<several corrections and one update have been done until today, 19.03.2009>

Finally had some time to start looking into the German Democratic Republic (GDR) side of rare small computers.

I wanted to write “rare home computers”, but that was not the reality in the GDR at that time. Although there was a number of computer models aimed at the professional market, the availability was so restricted  and the cost of these models was so high that the state (you remember that the GDR was a Planned Economy state where most manufacturers were owned by the state and where the available products were determined by a state planning organization and then manufactured according to a some years-in-advance-plan? Well, in addition, western technology was mostly available if they managed to re-produce it themselves…) decided that the resulting home computers should be used by small companies who needed such stuff to write receipts and so on. So we consider only computers that would have been home computers in the western world if they would have been available there (and so were in fact exported) and if they would have been offered two years earlier…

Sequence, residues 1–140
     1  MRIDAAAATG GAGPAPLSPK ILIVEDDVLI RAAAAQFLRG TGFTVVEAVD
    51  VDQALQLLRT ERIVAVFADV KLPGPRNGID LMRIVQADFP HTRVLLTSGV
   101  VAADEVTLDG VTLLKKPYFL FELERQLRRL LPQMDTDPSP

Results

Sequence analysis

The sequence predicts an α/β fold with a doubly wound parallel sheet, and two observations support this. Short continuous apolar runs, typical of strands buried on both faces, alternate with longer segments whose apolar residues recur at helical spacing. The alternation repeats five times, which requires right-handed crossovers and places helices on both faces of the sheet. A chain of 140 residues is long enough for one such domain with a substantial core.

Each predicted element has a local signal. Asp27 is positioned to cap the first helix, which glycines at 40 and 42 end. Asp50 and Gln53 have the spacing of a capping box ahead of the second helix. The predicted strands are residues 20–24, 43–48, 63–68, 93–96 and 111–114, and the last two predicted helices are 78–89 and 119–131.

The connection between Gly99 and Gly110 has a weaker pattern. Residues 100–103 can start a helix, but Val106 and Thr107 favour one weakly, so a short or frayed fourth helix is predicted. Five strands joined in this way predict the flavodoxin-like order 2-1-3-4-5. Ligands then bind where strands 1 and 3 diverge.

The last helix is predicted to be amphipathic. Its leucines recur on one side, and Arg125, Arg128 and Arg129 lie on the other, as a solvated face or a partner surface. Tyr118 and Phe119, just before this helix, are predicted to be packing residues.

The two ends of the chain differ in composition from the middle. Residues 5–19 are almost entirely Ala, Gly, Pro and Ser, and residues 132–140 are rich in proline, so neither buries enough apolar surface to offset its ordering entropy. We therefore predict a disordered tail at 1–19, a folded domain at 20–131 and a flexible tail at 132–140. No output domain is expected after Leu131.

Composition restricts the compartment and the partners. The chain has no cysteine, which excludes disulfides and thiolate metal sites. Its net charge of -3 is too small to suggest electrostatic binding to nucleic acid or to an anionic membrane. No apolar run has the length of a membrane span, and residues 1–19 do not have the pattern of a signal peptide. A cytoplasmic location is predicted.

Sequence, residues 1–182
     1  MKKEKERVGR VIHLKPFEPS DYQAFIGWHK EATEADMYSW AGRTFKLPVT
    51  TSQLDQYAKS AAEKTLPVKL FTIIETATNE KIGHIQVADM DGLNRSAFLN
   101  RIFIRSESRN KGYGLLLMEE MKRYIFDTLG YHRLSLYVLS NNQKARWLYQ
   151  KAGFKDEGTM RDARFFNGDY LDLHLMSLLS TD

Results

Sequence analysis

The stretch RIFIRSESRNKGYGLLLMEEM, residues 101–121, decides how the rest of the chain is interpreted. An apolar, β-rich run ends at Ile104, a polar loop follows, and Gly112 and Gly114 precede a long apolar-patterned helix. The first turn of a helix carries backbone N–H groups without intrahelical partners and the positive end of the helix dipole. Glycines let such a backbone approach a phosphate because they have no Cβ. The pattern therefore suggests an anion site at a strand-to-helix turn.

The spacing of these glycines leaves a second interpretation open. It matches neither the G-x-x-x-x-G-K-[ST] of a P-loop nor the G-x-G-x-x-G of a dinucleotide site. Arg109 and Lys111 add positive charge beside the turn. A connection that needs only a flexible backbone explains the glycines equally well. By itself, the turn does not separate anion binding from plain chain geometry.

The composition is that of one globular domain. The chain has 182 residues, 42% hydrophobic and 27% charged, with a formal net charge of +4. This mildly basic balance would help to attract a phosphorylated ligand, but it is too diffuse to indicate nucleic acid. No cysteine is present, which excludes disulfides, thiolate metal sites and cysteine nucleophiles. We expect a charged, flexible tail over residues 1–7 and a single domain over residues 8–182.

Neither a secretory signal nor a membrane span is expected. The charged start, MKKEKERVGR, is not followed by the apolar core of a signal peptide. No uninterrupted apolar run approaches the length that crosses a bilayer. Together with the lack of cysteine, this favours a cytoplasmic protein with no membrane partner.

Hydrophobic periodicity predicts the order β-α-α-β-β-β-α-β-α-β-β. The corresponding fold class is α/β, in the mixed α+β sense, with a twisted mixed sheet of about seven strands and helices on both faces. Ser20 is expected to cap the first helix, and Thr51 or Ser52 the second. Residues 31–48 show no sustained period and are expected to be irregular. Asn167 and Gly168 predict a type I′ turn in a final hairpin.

There are a number of very good web sites on GDR computers, some written by very knowledgeable engineers, some of which had even worked at the corresponding manufacturers. As often in the world when web sites are about computers that have been sold only in one country, most use the local language (in this case German). For further reading, why not considering these sites:

As far as I can tell the following models are rare:

  • Robotron A5105: 3000 devices have been produced